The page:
Inside Story: But Now I See

Dilip Tapu had lost his sight, and his future looked grim. His parents had taken him to many doctors in northeastern India, but no one could help him gain his sight. His parents found a special school for the blind where Dilip could learn Braille. But soon after he enrolled the school closed, crushing the family’s hope of an education for their son.

With nothing else to do, Dilip hung around with the street children and soon became addicted to chewing tobacco. Often he stole his mother’s rice and sold it to buy tobacco. He discovered he could earn a few rupees by singing popular songs in the streets and on the trains, but when his money was stolen one day, he returned home defeated. He was 10 years old.

A man offered to help the boy but only took him home and forced him to work for a little food. Dilip escaped and returned home. His mother told him that she had found a school where he could study. “Your life will be better,” she assured him. Dilip didn’t want to leave home again, but he obeyed.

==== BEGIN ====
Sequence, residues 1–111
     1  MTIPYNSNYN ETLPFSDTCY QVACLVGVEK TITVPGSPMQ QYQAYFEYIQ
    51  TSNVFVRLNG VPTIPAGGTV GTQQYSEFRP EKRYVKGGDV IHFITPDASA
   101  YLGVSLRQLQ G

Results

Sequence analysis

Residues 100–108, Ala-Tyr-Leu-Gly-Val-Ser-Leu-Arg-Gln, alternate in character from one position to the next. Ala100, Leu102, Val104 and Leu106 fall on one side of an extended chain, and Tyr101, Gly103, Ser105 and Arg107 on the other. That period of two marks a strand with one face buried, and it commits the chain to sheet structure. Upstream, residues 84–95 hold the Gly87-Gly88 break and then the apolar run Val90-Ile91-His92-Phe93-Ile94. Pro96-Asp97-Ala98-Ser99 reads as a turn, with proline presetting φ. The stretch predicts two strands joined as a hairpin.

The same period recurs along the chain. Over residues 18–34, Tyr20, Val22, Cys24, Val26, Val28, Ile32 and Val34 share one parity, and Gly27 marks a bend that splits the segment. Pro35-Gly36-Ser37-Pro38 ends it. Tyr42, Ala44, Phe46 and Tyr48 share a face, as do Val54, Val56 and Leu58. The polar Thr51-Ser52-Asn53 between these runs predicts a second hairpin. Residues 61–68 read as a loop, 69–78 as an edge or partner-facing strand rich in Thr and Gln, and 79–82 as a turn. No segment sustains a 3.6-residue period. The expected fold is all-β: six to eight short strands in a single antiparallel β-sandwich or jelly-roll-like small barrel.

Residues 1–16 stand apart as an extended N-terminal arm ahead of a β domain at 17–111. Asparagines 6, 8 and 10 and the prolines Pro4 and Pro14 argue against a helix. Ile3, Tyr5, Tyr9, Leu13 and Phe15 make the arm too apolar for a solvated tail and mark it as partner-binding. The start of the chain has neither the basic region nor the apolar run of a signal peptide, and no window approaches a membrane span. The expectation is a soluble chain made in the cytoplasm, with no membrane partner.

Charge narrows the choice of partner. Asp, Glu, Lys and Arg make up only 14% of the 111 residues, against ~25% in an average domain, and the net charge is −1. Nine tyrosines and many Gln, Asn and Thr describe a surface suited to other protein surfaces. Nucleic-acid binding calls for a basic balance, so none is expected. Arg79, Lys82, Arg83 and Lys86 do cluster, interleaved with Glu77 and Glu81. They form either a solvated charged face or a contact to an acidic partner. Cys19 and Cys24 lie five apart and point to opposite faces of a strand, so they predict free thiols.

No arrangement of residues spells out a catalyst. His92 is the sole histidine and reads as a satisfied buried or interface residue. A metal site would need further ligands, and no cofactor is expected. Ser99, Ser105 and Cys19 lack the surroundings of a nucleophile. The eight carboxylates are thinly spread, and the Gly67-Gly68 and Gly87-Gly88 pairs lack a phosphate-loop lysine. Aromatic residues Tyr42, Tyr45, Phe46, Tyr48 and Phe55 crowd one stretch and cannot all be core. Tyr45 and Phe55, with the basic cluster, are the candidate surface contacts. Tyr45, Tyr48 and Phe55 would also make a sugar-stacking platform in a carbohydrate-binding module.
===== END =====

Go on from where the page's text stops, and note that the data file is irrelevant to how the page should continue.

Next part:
He arrived at his new school and heard children singing. He didn’t recognize the songs they sang, but he liked the music. However, Dilip soon realized that his new school was operated by Christians, and he was prejudiced against Christians. He resisted his teachers’ attempts to introduce him to the Savior and even tried to be expelled from the school by writing something bad about a teacher. But instead of becoming angry, the teacher forgave him and spoke kindly to him.

Slowly Dilip realized that these Christians were different from others he had known. He apologized to the teacher he had wronged, and she in turn led him to accept Jesus into his heart. But when Dilip’s friends and family learned that he had become a Christian, they scolded and mocked him. In spite of his new faith, Dilip struggled with cravings for tobacco. He prayed fervently for deliverance, but it took many months before the craving for tobacco left him.

When he completed high school, Dilip wanted to continue his studies. His parents had no money, so he worked as a literature evangelist for three years to save enough to start college. Dilip continues his studies at Spicer Memorial College, where he is preparing to become a pastor.

“I thank God for the Adventist school where I met my Savior,” he says. “Through this school my life was changed. Now I want to share God’s love with others.”

Adventist schools throughout India and around the world are making a world of difference to young people. Thank you for supporting Christian education through your mission offerings.

Dilip Tapu continues his studies at Spicer Memorial College in India.

Produced by the General Conference Office of Adventist Mission.
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